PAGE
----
Found in Translation

Of the many things I regret not having mastered in life, the ability to read and speak another language well is a major one. Sure I took German in high school and, don’t laugh, Latin in college. But other than asking for directions in Vienna (wo ist die Bibliothek?) or declining a few pronouns with the Pope (Hic, Haec, Hoc) most of my severely limited foreign language ability has little use.

Despite this gap in my education, I do like to read fiction originally written in other languages. It is always interesting to see how authors that are products of different cultures handle characters, society and ideas in ways that I’m not always used to. Here are three that I’ve read recently that may be of interest—in translation, of course.

The tantalizingly titled Broken Glass Park by Alina Bronsky is technically a coming of age story. Seventeen year old Sascha Neumann was born in Moscow, but her fractured family moved to Berlin and took up residence in “the Emerald” a depressing series of apartment blocks populated mostly by recent immigrants to Germany. After the murder of her mother by her step-father, Sascha vows to tell the world about her mother’s life and seek revenge. With its direct style and gripping storyline, the strength of this novel is how it introduces the reader to a gritty world that feels very real but may not be familiar.

Me and You by Niccolo Ammaniti also has an adolescent main character, Lorenzo, but is set in a much more affluent neighborhood in Rome. In an effort to placate his parents who desperately want him to fit in at school, Lorenzo makes up a skiing holiday with fictitious popular friends. Instead of hitting the slopes, he hides out in the forgotten cellar of his family’s apartment building which he has stocked with books, food and video games. 

Reality interrupts his best laid plans for solitude in the form of his half sister who discovers his hideout and forces him to face some unpleasant truths. This slim book is written in a lyrical style that captures not only the character’s inner life but also the setting in a convincing way. If you enjoy this work, definitely check out his earlier novel I’m Not Scared for a similar, but darker, experience.

Speaking of darkness, there is a lot to be had in The Land at the End of the World by Antonio Lobo Antunes. Almost more of a fever dream than a novel, this is the story of a drafted Portuguese medic who is pouring out his life story to an unnamed stranger over the course of one day. The narrative skips in time but is primarily concerned with the narrator’s tour of duty in Angola during Portugal’s futile attempt to maintain political control of that land in the 1970s. The beautiful but devastating language is a perfect accompaniment to a tale that has little concern for power and everything to do with survival.

So don’t let your lack of language skills scare you away from fiction from other cultures. Thankfully there are many great works in translation available at the library.


35 thoughts on “Found in Translation

  1. Ever since discovering The Millenium Trilogy byStieg Larsson, I’ve been hooked on Scandinavian authors. Two of the last four books I read and reviewed were written in Norway and Sweden. I definitely agree with you that translated books are well worth reading and looking out for. Great post!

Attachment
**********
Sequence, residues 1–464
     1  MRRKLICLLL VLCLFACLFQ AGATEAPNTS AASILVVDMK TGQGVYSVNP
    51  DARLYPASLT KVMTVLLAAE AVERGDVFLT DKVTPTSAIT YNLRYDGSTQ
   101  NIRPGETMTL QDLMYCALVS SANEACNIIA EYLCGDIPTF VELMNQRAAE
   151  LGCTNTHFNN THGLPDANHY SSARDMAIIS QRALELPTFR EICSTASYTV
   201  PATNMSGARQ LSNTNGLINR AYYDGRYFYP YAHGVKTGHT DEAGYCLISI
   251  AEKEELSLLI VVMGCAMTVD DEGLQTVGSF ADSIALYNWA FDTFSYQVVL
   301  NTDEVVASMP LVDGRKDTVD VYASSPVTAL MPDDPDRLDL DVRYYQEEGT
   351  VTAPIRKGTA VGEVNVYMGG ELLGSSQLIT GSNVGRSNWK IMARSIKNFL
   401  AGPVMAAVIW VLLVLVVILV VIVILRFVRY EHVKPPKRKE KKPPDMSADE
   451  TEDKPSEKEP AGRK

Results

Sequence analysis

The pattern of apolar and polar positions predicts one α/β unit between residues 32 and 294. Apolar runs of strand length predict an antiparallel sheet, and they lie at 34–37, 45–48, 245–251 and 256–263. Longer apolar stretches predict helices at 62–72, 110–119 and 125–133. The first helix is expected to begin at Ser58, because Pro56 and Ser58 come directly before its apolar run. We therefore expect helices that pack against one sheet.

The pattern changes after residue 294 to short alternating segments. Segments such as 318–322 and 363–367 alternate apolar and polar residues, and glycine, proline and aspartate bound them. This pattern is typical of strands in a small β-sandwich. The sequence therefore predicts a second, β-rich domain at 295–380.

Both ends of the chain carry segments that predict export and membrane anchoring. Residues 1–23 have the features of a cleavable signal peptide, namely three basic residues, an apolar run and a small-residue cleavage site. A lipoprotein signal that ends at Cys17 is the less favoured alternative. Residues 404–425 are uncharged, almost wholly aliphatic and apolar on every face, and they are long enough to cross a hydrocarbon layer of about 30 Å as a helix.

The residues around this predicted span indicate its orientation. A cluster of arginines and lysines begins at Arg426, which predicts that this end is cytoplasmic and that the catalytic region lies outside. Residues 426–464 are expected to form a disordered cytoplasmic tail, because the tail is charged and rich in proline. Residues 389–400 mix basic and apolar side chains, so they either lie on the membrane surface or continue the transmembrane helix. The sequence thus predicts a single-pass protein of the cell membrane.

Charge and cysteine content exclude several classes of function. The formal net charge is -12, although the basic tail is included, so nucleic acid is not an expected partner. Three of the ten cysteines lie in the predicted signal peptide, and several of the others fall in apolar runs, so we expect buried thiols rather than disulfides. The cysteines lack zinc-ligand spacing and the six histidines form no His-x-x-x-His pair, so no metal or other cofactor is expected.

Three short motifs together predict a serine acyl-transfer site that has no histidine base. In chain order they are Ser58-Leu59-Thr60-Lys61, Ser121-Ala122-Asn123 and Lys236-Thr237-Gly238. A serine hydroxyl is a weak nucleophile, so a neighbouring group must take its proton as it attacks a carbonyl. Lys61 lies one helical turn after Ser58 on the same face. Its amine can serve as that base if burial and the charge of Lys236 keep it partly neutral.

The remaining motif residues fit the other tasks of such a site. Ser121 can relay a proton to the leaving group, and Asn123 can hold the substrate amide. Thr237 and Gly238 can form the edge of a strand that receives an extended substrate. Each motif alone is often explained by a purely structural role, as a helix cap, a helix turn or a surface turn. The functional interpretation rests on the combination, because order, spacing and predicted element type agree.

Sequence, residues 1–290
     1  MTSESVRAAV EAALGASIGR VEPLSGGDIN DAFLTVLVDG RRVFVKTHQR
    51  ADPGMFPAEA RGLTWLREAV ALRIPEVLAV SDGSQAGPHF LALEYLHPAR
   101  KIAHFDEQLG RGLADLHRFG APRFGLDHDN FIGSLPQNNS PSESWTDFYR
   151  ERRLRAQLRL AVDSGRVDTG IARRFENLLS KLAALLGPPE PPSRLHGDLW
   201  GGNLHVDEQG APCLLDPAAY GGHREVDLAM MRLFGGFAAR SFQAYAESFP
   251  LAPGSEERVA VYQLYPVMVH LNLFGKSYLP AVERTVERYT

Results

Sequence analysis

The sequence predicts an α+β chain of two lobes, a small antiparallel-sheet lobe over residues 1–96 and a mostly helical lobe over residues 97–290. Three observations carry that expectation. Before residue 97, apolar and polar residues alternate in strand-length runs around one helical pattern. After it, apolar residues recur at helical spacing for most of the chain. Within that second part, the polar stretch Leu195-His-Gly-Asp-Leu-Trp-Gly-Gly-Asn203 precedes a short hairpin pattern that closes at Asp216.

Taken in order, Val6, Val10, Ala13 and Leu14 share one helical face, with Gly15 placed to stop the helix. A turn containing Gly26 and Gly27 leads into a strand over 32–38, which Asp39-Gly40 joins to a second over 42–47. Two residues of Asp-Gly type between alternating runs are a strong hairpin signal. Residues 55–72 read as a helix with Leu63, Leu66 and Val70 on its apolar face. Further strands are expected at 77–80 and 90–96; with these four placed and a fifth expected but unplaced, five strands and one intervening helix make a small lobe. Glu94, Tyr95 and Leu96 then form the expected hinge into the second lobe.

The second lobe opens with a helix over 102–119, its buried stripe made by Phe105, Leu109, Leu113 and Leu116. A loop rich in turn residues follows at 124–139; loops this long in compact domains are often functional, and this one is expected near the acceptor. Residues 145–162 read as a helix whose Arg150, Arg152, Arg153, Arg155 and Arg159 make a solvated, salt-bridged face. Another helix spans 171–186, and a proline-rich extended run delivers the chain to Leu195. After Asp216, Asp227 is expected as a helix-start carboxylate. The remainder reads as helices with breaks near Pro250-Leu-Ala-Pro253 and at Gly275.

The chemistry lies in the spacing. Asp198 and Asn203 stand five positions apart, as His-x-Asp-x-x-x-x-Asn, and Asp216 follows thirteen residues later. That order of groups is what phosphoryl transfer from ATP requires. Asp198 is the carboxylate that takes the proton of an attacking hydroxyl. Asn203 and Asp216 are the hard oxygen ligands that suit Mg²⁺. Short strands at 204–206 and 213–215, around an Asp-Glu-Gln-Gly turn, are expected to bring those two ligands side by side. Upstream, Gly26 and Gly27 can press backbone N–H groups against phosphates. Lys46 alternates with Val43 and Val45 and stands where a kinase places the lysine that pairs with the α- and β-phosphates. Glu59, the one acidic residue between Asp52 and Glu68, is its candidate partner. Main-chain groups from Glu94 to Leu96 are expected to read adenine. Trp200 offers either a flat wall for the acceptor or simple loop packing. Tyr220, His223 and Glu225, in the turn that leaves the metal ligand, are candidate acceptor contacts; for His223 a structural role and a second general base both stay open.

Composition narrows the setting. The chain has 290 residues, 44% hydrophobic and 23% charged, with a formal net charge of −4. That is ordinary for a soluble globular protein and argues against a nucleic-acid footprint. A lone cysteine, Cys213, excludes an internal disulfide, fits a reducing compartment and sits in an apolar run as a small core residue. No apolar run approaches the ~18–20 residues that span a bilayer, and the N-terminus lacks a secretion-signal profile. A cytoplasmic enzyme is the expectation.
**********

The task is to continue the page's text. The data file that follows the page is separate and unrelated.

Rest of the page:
2. Hey there , I think your website might be having browser compatibility issues. When I look at your website in Safari, it looks fine but when opening in Internet Explorer, it has some overlapping. I just wanted to give you a quick heads up! Other then that, excellent blog!


  3. Like yourself, I want to learn as many languages as possible! But I’ve realized, to learn a language is a life-long lesson. You have to use and practice it daily in order to maintain what you’re learned, and improve. And on reading translated books – what a brilliant way to learn about other cultures!


  4. Wonderful blog! And great suggestions. I’m only sorry that you think you have to apologize for taking Latin. Seriously, what is the world coming to when people apologize for having intellectual interests? Keep up the good work.


  5. Very good point! On a side note – I found that one of the best ways for me to practice a new language was to read foreign children’s books out loud to myself. You may get some odd looks if you do it in public, though!


  6. This is great!

    I love reading books originally written in other language, but I have an intense passion for foreign language films. It’s actually one of the best ways–in my opinion–to learn a language fast.

    I, for example, learned Hindi by only watching Bollywood movies (with and without subtitles). It really works! Being able to speak more than just one language opens up worlds of opportunities and excitement! Thanks for the recommendation.


  7. Because you had German at school, you could attempt to read “Scherbenpark” in the original now. I read it and it’s written in relatively simple German. (You mention the “direct style”.)


    • Thanks for the suggestion, Andreas. I am relatively fluent in German, but I must admit I have found it hard to find a readable book. I am able to read a one-page letter without much problems, and can usually get the jist of newspaper articles, and can also understand about 90% of the conversation I have with anyone, even technical ones, but I just seem incapable of reading a German book.